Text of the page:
A little while ago, on one of my customary trips down to the kitchen for coffee and a sandwich, I did my customary peek into the bedroom to see what the DW has babbling on the TV. Predictably, it was MSNBC's Party apologists spinning and pissing and moaning about the results in Wisconsin. They were airing yet another interview with DNC chair "Little Debbie" Wasserman-Schultz; she complained about the influence of SuperPAC money in the Wisconsin recall election. "I'm speaking, of course, of money not donated to Obama's SuperPAC", Little Debbie neglected to add.

What added insult to injury -- at least for me, personally -- was when MSNBC then brought on some mouthpiece for the Democratic Congressional Campaign Committee for some more complaining about how much cash the GOP poured into Wisconsin. This really made me want to knee the Democratic Party in the groin, especially as I remember this night late last year:


Fadduh Smiff sez on 06.07.12 @10:00:
I know the Occupiers were very glad when the union contingents showed up last fall, and it was damned exciting, but the promise seems to have exceeded the performance...

Yeah, we were glad fersure, but we weren't fooling ourselves about the mainstream unions and how deep they are in the hip pocket of the Donkeycrats. That's why Occupy worked outside the mainstream union leadership to agitate for May Day, and called on workers to organize and act on their own behalf, regardless of the official legality -- or lack of same -- of their participation in the strikes.

As I mentioned a while back, it's time to "get our Greek on".


I like your response fluggles
Yes the demoronics are part of the problem
And yes so far the top pie cards have not been usefully part of the solution

And I agree union members need to be approached directly

But consider the record here

The union hierarchy has very effective ways of washing out
"alien influences "
The activist approaching a union needs to liaison with the top pies in my estimation
Last years west coast docker story
has many positive and negative lessons

If we are to unite with the unions this must include union leaders to be effective
All union leaders?
Certainly not

But a nice big hunk of em

Which my generation never got during the kold war


I'm with Mike on this one. Always admired the Greeks.


Speaking of crooked ballot boxing rules etc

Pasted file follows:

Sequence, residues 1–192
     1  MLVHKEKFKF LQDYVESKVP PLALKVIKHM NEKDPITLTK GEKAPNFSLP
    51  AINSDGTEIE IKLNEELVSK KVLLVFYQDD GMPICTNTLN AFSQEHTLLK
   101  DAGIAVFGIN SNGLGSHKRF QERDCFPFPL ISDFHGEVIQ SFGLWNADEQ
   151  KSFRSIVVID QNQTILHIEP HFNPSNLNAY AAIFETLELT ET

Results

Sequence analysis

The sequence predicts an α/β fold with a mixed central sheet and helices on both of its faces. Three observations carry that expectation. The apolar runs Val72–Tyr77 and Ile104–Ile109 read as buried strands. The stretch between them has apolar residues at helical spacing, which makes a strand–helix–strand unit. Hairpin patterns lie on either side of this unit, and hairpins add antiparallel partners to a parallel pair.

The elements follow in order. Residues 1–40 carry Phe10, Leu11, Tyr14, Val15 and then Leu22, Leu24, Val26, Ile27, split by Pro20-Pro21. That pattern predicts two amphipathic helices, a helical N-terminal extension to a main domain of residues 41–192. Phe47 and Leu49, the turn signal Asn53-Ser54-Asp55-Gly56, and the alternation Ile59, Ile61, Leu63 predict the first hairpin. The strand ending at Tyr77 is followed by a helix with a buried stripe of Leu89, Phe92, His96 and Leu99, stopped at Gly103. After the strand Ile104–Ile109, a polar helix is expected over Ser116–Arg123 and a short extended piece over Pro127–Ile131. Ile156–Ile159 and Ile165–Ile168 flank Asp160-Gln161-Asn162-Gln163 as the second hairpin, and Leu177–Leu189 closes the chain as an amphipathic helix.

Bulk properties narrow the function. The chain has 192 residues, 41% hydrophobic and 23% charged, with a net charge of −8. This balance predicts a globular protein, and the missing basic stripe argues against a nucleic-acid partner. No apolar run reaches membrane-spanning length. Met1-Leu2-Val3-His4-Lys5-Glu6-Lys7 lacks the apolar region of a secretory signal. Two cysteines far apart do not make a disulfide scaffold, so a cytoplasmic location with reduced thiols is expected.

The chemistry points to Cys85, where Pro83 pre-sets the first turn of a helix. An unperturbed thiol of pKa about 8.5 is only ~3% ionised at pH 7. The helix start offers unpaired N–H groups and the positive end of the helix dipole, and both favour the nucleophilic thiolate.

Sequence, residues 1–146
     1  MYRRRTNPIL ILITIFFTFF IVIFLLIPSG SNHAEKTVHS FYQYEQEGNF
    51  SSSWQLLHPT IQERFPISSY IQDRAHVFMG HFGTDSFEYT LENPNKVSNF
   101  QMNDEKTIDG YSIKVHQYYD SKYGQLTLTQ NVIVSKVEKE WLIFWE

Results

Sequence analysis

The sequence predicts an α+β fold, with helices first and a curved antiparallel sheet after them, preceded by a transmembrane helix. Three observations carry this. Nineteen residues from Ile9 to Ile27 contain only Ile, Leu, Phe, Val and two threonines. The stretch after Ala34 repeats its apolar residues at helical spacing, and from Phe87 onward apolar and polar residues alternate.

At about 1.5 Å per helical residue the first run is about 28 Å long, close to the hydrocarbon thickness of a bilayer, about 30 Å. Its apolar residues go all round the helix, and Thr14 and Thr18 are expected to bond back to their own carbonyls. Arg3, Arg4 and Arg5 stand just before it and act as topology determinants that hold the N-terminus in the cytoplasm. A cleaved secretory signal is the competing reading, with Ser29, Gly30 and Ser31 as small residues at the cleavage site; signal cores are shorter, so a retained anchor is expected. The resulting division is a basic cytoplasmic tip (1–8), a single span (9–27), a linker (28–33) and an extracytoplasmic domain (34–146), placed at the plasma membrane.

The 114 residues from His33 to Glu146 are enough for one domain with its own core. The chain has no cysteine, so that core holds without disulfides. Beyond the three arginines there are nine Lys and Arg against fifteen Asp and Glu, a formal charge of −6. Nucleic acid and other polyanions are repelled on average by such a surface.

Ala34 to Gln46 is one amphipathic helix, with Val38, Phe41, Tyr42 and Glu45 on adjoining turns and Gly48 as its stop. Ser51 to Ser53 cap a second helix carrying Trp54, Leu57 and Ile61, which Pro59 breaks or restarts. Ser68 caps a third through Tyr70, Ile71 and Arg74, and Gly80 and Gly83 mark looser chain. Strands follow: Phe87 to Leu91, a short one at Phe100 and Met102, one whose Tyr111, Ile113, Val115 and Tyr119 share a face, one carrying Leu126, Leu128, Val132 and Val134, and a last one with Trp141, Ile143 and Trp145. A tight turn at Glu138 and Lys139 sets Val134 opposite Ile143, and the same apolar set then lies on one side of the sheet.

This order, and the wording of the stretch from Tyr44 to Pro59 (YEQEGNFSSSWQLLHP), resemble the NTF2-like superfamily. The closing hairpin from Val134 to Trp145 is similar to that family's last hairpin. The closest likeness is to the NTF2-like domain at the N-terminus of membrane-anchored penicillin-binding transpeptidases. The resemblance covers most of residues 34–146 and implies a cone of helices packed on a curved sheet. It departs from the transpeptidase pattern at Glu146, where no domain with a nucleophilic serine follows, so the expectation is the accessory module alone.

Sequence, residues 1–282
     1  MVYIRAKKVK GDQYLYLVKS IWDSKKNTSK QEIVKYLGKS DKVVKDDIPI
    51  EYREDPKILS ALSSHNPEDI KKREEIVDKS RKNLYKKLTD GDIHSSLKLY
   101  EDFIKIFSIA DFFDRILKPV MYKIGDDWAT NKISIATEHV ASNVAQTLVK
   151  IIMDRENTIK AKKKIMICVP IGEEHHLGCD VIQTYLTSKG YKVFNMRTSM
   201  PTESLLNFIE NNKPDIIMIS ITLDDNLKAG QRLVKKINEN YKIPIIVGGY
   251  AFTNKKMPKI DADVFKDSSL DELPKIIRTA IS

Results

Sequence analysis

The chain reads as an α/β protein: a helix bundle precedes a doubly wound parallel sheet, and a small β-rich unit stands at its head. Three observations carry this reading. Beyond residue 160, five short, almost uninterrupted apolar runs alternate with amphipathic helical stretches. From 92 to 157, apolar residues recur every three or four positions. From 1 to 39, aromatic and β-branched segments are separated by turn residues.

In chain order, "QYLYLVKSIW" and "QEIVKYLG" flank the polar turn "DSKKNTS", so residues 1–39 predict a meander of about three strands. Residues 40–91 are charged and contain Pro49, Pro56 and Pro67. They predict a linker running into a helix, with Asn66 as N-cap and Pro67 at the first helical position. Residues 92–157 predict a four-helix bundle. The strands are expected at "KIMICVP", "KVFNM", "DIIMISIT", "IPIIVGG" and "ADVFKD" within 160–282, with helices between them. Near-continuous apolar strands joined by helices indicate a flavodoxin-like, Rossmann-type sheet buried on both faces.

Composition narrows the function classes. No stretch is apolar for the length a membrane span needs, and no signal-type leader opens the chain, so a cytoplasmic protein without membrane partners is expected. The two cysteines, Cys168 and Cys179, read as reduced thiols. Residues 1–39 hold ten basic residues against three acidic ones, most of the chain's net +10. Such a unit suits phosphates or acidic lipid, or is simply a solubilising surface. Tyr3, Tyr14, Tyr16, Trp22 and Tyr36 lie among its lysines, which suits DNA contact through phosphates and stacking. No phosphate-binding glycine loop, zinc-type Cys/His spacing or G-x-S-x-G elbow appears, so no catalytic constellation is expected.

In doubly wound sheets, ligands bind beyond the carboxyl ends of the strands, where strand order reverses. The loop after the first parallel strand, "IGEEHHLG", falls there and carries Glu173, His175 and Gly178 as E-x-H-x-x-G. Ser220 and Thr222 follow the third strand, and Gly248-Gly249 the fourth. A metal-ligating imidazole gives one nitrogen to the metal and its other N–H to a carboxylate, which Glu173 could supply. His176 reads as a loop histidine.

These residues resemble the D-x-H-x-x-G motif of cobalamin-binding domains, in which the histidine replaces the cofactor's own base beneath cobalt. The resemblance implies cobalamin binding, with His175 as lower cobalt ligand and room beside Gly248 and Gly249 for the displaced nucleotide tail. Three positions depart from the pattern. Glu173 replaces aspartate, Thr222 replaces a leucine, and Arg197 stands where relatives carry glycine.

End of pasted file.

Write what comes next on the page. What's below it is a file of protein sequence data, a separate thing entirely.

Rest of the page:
Obviously the referendum should have been Scott in or out

If out he is out and replaced by the lt governor until a new election process comes round or is specially legislated
Just as it would be if the sitting governor died

This is a political execution after all
But those shaggy old progressives drafted up the law to create this gimcrackery
where it's rawly just a new election for governor

That however doesn't strike me as sufficient reason to oppose
a dump movement

The unions wanted some one other then mayor hack as u know
But he beat her in the primary


The more basic point
Referenda can work
It put taxes on rich bastards in oregon
And raised some state minimum wage rates and indexed a few to CPI too

Selective pink pwog rad participation in such endevors
looks rather sensible to me


For once I agree with Owen: the problem is not so much with plebiscites as such (pace Daumier) as with the fact that in Wisconsin it was just another damn two-party election: a completely undeserved do-over for the Donks. The question was not "should we throw the bum out" but rather the usual "which bum do you hate less, and if neither excites you, stay home."


I agree with all of the misgivings, and even, like Mike F, felt some spiteful glee at the recall's defeat (which most of us could see coming from miles away). But I still think labor would be in a better place today had Walker been ousted, and I know capital is in a better place.

Had the recall succeeded, who knows what that might --- might --- have unleashed? Who knows where things might've gone?

What Al said: "It's the kind of victory that would be threatening to the victors. The last thing they want is a popular movement with momentum."